DC Residents in the Federal Bureau of Prisons

Twenty-two years ago, Congress passed the National Capital Revitalization and Self-Government Improvement Act of 1997 (the "D.C. Revitalization Act").  Through this legislation, the federal government took over most of the District of Columbia’s criminal justice responsibilities.  Every District resident who is convicted of a felony serves his or her sentence in a federal prison. The President appoints the District’s judges and prosecutors.

In mid 2019, there were approximately 4600 District residents incarcerated in 122 different federal prisons around the country. DC residents are isolated from their family and community. Criminal justice research indicates that maintaining relationships with family and friends is a key variable for predicting recidivism.

Because most DC residents in prison are far from home, IAHR launched a pen pal outreach program in November 2017. 135 people in the Washington area have signed up to be a pen pal with a DC resident in the Bureau of Prisons. Click here to view a map of the different prisons we are in touch with through our pen pal program.

In order to become a pen pal, we ask volunteers to attend an orientation. Orientations are held periodically: sometimes as a webinar and sometimes in person.  At the orientation, you will receive guidelines that we ask our pen pals to follow as well as a name of an incarcerated person and some information about that person. If you would like to be a pen pal or would like some more information about the program, please click here.

While every DC resident who is convicted of a felony serves his or her sentence in a federal prison, DC residents awaiting trial or who have been convicted of a misdemeanor are held in the DC Jail, which is located in Southeast. IAHR is now looking into introducing a reporting bill at the DC Council that would mandate the DC Department of Corrections to provide information on how  solitary confinement is used in the DC Jail. IAHR plans to have more information on this by the fall of 2019.

Restoring Control of Parole to D.C.

IAHR is part of a coalition which believes it is time for the District government to reconsider whether the near-complete federalization of the system of criminal law enforcement in D.C. is still financially necessary, and to identify logical next steps in this process. One of the first steps for the District is to take back responsibility for the U.S. Parole Commission.

In addition to changes that led to the close of the Lorton Prison Complex, the 1997 D.C. Revitalization Act also abolished the D.C. Board of Parole, vesting decision-making authority in the federal U.S. Parole Commission (USPC) for grants of parole for D.C. prisoners and for revocations of parole and supervised release for released prisoners. In 1997, the total DC prisoner population was around 11,500 – 12,000 prisoners in the D.C. Jail and the Lorton Prison Complex. In 2018, there are approximately 6,743 D.C. prisoners, with 2,043 held in local jails and 4,700 in the federal Bureau of Prisons.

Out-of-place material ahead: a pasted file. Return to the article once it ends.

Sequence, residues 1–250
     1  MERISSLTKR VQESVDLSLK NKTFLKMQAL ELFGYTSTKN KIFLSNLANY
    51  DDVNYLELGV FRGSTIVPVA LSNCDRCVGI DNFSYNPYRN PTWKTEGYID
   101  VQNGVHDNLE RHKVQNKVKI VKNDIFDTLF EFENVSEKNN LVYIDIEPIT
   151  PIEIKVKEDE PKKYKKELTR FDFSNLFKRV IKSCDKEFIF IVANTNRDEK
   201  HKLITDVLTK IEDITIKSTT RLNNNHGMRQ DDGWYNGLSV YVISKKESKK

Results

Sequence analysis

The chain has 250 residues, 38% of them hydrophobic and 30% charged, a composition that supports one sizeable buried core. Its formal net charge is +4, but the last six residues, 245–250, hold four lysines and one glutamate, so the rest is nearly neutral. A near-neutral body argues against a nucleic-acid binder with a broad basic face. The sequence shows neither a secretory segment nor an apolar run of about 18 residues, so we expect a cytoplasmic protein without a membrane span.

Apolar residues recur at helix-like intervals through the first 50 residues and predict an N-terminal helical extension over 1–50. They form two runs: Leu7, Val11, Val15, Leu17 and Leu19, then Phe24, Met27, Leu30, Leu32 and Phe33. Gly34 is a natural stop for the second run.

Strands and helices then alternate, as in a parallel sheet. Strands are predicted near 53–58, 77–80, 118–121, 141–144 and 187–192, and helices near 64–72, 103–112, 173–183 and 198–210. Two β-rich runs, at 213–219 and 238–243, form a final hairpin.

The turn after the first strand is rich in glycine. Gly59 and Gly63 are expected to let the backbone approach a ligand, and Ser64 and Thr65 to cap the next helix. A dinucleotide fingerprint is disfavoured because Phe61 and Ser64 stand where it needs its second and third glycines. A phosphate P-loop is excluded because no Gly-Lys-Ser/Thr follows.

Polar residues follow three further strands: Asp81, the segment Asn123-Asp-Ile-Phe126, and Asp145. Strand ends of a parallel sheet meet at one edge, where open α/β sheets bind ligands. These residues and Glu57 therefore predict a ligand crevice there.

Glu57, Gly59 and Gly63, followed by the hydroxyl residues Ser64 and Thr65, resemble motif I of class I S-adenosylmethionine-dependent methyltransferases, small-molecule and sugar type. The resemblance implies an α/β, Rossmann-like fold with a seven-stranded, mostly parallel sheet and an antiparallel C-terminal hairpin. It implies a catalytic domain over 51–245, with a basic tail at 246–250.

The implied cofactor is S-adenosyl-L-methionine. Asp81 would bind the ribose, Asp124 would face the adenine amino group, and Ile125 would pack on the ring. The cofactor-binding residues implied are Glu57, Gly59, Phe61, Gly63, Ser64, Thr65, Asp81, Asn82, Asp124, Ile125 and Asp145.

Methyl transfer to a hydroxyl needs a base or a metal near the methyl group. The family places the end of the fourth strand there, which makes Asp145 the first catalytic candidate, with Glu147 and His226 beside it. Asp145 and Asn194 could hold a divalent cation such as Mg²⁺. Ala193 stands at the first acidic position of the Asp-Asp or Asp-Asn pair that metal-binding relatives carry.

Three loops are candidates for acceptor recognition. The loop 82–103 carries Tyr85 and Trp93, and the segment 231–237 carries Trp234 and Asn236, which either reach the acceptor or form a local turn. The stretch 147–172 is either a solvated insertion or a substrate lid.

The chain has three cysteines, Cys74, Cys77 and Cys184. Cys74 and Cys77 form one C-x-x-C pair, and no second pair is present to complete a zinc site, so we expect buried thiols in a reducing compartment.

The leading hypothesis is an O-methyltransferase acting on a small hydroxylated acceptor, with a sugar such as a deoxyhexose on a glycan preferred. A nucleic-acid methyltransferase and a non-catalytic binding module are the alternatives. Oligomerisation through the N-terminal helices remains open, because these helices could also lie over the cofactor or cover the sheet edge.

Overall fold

The USPC was most recently re-authorized by the U.S. Congress through November 2020. If no action is taken, the USPC could be extended for another five years, or longer, maintaining federal control of D.C. Parole.

The USPC’s caseload is almost entirely made up of D.C. parole matters, with federal parole much less than 20 percent of the USPC’s caseload.

The USPC has become a driver of mass incarceration in D.C. The decisions of the USPC have been far harsher than those of the former D.C. Board of Parole, with hundreds of D.C. prisoners denied parole under punitive parole decision-making practices and thousands of D.C. returning citizens returned to incarceration for violation of the USPC’s rules. There are currently approximately 4,700 D.C. prisoners housed in the federal Bureau of Prisons (BOP). More than one-third of these prisoners are held for parole or supervised release violations (1,647). More than one-quarter of D.C. prisoners are serving sentences with parole eligibility (1,280).

The process for restoring local control of parole requires D.C. legislation to re-create a D.C. Board of Parole and federal legislative amendments to the D.C. Revitalization Act. It will also require new legislation reauthorizing the USPC for a limited interim transition period.

In 2022, the DC Council and Mayor Bowser failed to come up with a plan to take back control of parole.  

130 IAHR supporters are pen pals of DC residents in the Bureau of Prisons. This issue affects our pen pals. It is important that DC residents write Council member Brooke Pinto who is the chairperson of the DC Council Committee on the Judiciary and Public Safety. Please urge Council member Pinto ane her Committee to come up with a plan to take back control of the U.S. Patrol Commission.